Eleazar A. Paine to Abraham Lincoln, 9 December 18541Monmouth, Ill,
Dec. 9th 1854Hon. A. Lincoln,My Dear Sir,
Allow me to be equally plain, my preference for a U.S. Senator was made the first winter that I was at Springfield2 and that preference was for A. Lincoln. I was extremely sorry, when I saw you a candidate for the Legislature, fearing that an objection might be raised to your being a candidate for the Senate.3
Before Judge Rice was elected I told him not to commit himself to any
<Page 2>Candidate but wait until he got to Springfield and then I had not a doubt but what he would by all means prefer you.4 Without any other influences, I have no doubt but he will very willingly support you. I will see him again before he goes, and set the thing right.
I will give him a letter to you. Approach him gently. Please to keep me advised of your prospects, and if I can assist you I will go to Springfield5Very RespectfullyE. A. PaineP. S. I spoke to Judge Rice particularly of your being
<Page 3>a candidate for the Senate and the reasons Why I preferred you. He agreed with me, And said he would not commit himself until he got there. I write this postscript because in looking over my letter I thot[thought] I had not written particular enough–6E A P
2Paine served in the Illinois House of Representatives during the Eighteenth General Assembly, which convened its first session on January 3, 1853. It is possible this was the first winter he was at Springfield.
Louis L. Emmerson, ed., Blue Book of the State of Illinois, 1919-1920 (Springfield: Illinois State Journal, 1920), 538-39.
3Passage of the Kansas-Nebraska Act and its effective repeal of the Missouri Compromise reawakened Abraham Lincoln’s passion for politics, and he threw himself into the congressional election campaign in the fall of 1854, crisscrossing Illinois to deliver speeches against the Kansas-Nebraska Act and in support of anti-Nebraska candidates. He even allowed himself to become a candidate for the Illinois General Assembly (albeit unwillingly at first). As the election campaign reached its climax, his name began to circulate as a possible nominee to supplant James Shields as U.S. Senator.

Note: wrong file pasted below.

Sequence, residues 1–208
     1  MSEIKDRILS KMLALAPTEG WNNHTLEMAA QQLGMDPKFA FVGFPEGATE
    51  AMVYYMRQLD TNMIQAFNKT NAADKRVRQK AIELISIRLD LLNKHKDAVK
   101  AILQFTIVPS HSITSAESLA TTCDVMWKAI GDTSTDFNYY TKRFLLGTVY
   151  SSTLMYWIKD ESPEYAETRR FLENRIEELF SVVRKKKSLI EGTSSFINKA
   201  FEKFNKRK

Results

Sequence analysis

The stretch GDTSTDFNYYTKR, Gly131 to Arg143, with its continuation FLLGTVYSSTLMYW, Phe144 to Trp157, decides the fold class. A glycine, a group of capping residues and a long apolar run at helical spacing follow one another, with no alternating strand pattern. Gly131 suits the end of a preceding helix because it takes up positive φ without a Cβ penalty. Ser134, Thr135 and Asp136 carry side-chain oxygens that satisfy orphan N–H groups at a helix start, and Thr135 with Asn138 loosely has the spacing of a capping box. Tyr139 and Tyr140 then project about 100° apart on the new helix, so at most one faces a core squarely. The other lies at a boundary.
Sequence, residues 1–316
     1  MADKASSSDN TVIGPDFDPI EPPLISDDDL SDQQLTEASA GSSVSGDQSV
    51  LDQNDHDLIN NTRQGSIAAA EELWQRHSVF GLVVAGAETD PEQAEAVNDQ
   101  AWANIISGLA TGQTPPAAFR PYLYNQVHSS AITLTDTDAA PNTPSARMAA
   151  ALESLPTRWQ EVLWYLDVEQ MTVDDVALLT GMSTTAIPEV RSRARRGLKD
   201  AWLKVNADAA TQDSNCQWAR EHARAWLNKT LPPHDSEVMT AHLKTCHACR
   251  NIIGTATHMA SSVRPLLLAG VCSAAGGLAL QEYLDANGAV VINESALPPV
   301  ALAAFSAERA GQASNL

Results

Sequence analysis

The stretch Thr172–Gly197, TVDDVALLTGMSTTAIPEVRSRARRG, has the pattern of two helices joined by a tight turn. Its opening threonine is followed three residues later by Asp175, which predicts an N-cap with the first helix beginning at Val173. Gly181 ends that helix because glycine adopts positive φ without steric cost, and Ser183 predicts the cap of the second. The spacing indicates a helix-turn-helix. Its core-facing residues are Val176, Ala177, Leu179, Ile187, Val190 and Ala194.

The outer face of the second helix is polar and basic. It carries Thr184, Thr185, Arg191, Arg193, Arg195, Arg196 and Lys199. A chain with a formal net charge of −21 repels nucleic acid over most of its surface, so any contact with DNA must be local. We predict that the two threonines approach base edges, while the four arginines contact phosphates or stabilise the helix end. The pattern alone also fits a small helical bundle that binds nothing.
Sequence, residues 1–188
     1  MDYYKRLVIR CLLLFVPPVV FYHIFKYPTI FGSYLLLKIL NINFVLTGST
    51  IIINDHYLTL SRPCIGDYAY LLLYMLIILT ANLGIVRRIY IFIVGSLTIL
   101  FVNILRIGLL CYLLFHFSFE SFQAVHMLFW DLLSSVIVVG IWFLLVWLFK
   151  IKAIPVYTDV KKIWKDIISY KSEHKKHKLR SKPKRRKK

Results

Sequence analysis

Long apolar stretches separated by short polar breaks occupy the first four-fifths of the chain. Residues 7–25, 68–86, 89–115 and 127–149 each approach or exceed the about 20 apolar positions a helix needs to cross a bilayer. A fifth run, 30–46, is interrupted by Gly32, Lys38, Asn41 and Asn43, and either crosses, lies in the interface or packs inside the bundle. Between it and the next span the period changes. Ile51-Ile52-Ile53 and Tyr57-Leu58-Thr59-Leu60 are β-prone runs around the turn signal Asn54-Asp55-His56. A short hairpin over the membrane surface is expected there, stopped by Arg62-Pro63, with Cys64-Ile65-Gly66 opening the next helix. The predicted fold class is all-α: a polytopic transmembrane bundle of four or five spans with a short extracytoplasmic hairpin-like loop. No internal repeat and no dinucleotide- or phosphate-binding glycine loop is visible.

Lincoln won election to the Illinois General Assembly, but, on November 25, 1854, he officially declined to serve in order to run for the U.S. Senate. Per Article III, Section seven of the 1848 Illinois Constitution, state legislators were ineligible for election to the U.S. Senate. In November and December 1854, he wrote confidential letters to political allies seeking support for his candidacy and information about his prospects. He likely wrote such a letter to Paine, although no correspondence between Lincoln and Paine has been located in all of 1854 prior to this letter.
David Herbert Donald, Lincoln (New York: Touchstone, 1995), 167-73; Autobiography of Abraham Lincoln Written for John L. Scripps; William H. Randolph to Abraham Lincoln; Illinois Daily Journal (Springfield), 10 November 1854, 2:5; Michael Burlingame, Abraham Lincoln: A Life (Baltimore: The Johns Hopkins University Press, 2008), 1:392; Ill. Const. of 1848, art. III, § 7; Abraham Lincoln to Hugh Lamaster; Abraham Lincoln to Joseph Gillespie; Abraham Lincoln to Horace W. Fay; Abraham Lincoln to Charles Hoyt.
4The voters of Henderson and Warren counties elected Judge William C. Rice to the Illinois House of Representatives in the election of 1854.
Illinois Daily Journal (Springfield), 2 January 1855, 2:3.
5Paine wrote Lincoln another letter on the topic of the U.S. Senate race on December 28. It is unclear if this is the letter Paine mentions having Judge Rice hand-deliver to Lincoln. As this December 28 letter reveals, Lincoln wrote Paine on December 21, although the December 21, 1854 letter has not been located.
6In the end, Lincoln did not win election to the U.S. Senate; the Illinois General Assembly selected anti-Nebraska Democrat Lyman Trumbull instead. Rice cast his ballot for Lincoln eight times before switching his vote to Trumbull in the final two rounds of voting. Stung and disappointed by his loss, Lincoln made no political speeches or public statements for an entire year after his defeat and reinvested his energies in his law practice.
Michael Burlingame, Abraham Lincoln: A Life, 1:401-2; David Herbert Donald, Lincoln, 185; Illinois Senate Journal. 1855. 19th G. A., 1st sess., 242-55.
Autograph Letter Signed, 4 page(s), Abraham Lincoln Papers, Library of Congress (Washington, DC).